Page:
Jello, Indecency, and the FCC

by on December 6, 2004 posted an interesting piece on Saturday questioning how strong public support really is for the FCC crackdown on indecency. The piece is keyed off numbers obtained by Jeff Jarvis for his blog. Last month, you may remember, the FCC fined Fox $1.2 million for a raunchy scene on its (quite unsuccessful) reality show “Married in America.” At the time, the FCC said it had received 159 complaints about the show. But a FOIA request by Jarvis found that there were only 90 complaints, written by only 23 individuals. And 21 of those were copies of the same form letter.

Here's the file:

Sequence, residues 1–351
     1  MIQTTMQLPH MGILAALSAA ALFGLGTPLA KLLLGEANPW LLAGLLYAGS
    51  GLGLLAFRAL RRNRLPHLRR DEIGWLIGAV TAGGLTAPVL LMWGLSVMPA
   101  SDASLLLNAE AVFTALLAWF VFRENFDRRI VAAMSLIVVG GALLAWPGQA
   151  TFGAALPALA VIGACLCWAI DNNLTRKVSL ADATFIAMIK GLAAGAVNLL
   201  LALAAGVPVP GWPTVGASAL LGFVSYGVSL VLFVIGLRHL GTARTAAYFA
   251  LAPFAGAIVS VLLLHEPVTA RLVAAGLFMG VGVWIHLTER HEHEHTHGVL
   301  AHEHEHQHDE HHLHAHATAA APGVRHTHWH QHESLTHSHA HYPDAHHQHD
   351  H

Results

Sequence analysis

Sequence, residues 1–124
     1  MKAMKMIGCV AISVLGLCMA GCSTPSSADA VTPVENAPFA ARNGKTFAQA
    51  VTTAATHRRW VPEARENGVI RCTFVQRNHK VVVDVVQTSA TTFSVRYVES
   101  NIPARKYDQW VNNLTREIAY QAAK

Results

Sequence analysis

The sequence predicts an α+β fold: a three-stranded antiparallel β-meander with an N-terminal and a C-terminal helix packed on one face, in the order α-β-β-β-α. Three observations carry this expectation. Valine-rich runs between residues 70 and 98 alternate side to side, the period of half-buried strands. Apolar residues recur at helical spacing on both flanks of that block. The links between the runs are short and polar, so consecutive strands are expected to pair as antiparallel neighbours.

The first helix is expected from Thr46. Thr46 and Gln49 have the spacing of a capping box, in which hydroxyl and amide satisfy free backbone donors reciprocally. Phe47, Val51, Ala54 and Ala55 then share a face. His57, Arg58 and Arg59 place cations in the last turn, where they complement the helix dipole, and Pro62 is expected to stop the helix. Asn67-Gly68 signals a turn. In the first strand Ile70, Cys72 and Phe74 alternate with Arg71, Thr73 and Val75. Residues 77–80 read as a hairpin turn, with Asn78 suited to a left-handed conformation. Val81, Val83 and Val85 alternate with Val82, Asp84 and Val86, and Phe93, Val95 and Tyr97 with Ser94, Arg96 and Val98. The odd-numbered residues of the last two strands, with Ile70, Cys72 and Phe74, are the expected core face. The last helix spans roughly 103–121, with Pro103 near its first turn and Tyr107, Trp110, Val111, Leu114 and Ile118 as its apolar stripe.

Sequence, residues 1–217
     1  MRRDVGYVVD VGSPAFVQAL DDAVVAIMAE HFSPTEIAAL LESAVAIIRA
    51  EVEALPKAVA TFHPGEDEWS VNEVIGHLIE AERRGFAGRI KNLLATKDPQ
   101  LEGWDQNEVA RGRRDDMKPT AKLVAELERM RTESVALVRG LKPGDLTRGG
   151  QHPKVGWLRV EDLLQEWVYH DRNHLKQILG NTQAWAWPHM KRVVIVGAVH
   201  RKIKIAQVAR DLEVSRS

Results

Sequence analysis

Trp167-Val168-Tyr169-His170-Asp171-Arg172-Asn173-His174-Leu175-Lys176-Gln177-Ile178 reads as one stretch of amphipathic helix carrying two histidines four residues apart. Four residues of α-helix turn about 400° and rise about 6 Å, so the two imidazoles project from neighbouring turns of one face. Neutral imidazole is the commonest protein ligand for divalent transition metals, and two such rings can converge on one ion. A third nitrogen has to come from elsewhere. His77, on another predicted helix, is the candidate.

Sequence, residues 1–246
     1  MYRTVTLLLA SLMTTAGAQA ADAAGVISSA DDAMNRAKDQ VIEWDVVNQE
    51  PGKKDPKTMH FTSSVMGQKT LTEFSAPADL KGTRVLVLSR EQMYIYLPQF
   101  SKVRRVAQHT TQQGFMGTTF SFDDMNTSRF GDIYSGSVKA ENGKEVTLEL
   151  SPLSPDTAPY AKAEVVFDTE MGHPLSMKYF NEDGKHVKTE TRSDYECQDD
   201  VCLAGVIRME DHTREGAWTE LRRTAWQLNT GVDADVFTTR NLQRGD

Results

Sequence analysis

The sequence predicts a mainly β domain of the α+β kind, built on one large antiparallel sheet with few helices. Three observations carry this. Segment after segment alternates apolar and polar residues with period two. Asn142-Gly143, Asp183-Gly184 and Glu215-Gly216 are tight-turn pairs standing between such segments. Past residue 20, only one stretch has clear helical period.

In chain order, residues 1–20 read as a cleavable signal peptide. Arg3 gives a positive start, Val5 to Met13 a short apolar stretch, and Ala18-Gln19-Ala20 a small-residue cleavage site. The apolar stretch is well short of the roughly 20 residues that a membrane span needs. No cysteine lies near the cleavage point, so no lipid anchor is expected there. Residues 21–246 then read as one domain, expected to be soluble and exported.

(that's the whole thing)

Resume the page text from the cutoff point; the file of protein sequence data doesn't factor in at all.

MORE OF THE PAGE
Its not clear whether this case is typical–there were certainly more complaints about the Janet Jackson exposure, for instance. But in a related story, Mediaweek is reporting today that 99.8 percent of FCC complaints in 2003 were filed by one organization–the Parents Television Council. PTC has been responsible for a similar proportion so far this year, when complaints related to Janet’s expose are excluded.

All this reminds us that broad brush statements that the FCC is flooded with complaints should be taken with giant shakers of salt.

It also indicates that the FCC can be pressured quite easily even by a few complaints. The ABC report memorably quotes Chris Sterling of George Washington University as saying “the FCC is a leaning tower of Jello” on such things,” easily pushed one way or the other.

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